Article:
Already touched on earlier, significant parts of the system would be using railroad ROW. At this time, all the railroad ROW that the light rail lines are proposed to use are being actively used by CSX. Most activity occurs between the railyards in East Tampa and the auto yard north of the airport in Anderson Industrial Park, though it is reported that up to four trains a day use the line between Clearwater and St. Petersburg. The ROW of the lines running through some of the older developed areas (Green Line between Tampa and University, all of the Orange Line) is only 50 feet in width, which is the same width that most systems have used as a minimum for their trackage ROW. While CSX is using the lines sparingly, it is very unlikely that they would want to abandon the customers they currently serve on their trackage in the Tampa Bay area. To ensure reliability of service and full operational control, the railroad ROW would have to be purchased from CSX. The next part is where it gets interesting however – CSX could then lease track rights back. Though uncommon in the US, light rail tracks can be used by freight/passenger trains and vice versa. Both use standard gauge tracks and the track curve/grade minimums are essentially the same. Standard freight and passenger rail cars are a maximum of 13ft tall, so catenary (overhead power wires) would be unaffected. If CSX were to share the tracks with light rail, the light rail cars would have to be low-floor, as high-floor platforms would be incompatible with their rail cars. Federal Railroad Administration (FRA) rules dictate that freight/passenger trains can not be on the same tracks as a non-FRA compatible vehicle (i.e., a light rail car) at the same time. As CSX is running limited operations on these lines, the easiest way to adapt to this rule would be to let light rail have the full reign of the tracks during regular service hours, while CSX trains could be dispatched in designated blocks in between the 30-minute headway light rail trains running during Owl Service. Assuming that CSX would only be running their usual 6 daily trains along the line, it would be quite easy to fit them into separate blocks during the night hours (about 12AM-5AM) while leaving plenty of scheduling padding to assure that CSX and light rail trains would remain safely away from one another. For some precedent in how this works, see this FTA report on how UTA’s “Trax” developed a way to have light rail trains and freight trains share the same tracks. New Jersey Transit also has a similar arrangement on two of their lines.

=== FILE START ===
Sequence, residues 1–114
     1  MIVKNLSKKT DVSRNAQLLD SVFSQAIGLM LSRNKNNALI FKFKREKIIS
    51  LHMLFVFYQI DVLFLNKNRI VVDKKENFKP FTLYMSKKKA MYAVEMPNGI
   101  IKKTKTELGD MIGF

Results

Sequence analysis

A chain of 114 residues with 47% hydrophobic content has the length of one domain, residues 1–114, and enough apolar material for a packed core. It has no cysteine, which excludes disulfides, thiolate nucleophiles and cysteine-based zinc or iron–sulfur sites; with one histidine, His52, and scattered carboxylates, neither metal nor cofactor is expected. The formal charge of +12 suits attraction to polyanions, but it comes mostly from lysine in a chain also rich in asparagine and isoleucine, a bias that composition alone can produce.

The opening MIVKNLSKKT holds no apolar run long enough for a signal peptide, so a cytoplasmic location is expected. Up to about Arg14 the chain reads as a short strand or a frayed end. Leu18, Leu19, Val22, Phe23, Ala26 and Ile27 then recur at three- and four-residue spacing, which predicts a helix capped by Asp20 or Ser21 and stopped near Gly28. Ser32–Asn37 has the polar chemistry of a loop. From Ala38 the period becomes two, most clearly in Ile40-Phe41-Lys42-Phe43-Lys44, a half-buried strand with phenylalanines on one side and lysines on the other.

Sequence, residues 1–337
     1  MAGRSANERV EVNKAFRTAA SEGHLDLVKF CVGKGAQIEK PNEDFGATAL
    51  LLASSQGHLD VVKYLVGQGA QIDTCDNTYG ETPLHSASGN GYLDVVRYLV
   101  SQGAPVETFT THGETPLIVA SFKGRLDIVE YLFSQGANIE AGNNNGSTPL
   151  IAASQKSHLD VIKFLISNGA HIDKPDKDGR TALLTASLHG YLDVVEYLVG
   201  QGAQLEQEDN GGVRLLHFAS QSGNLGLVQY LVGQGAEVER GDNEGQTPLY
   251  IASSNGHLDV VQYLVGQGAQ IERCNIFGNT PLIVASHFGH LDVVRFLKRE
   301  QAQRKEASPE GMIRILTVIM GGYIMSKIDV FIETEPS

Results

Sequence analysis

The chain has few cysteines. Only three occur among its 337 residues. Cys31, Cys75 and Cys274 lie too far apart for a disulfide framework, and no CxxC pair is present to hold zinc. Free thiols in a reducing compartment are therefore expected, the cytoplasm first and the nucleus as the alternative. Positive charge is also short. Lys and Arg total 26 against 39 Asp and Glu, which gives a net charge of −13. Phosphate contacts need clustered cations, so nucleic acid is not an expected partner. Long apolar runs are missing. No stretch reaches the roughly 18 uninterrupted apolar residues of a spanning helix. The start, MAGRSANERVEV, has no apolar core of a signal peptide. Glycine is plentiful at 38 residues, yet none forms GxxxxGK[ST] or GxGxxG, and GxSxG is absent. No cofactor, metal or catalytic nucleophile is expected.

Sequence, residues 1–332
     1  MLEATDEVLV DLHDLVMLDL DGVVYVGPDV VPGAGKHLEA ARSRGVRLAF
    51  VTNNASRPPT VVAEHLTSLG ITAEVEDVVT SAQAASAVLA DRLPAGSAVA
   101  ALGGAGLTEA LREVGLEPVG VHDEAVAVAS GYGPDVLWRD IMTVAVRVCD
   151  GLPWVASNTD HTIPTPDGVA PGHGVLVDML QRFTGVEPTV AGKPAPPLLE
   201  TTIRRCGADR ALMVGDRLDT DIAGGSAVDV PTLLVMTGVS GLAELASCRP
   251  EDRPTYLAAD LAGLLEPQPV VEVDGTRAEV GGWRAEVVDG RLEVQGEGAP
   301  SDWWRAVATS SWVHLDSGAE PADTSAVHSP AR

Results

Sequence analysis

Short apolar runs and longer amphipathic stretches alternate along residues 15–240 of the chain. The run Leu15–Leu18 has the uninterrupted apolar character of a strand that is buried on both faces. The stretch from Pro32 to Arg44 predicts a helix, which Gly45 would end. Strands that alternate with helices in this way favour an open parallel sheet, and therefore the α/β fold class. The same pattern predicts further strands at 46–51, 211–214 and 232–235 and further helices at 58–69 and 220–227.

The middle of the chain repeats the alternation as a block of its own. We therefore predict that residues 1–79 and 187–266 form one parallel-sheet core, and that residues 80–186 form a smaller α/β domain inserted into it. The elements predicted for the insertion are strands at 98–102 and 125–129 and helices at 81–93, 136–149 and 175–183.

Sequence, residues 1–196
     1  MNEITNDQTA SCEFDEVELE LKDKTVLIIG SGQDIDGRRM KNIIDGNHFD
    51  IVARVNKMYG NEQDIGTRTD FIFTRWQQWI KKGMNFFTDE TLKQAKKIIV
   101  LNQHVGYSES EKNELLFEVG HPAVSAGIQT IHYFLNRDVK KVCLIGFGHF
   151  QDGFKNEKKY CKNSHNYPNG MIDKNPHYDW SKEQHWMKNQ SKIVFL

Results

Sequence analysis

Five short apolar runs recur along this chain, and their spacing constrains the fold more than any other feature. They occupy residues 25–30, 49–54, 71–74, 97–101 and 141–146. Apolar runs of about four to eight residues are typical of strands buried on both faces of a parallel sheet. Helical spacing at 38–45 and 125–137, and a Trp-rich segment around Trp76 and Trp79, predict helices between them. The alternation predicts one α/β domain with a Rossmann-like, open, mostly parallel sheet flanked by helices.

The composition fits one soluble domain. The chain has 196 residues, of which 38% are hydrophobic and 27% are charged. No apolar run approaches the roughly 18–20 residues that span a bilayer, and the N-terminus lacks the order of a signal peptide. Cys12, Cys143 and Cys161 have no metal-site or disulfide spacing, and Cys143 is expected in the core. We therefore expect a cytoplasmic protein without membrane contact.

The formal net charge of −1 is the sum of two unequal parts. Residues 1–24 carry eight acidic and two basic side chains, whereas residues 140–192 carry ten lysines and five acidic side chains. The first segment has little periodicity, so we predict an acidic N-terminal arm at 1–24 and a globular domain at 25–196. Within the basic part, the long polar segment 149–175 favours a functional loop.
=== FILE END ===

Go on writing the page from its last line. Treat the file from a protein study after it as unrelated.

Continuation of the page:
In Part 2, I’ll discuss the proposed lines and stations in-depth and how the lines would be built.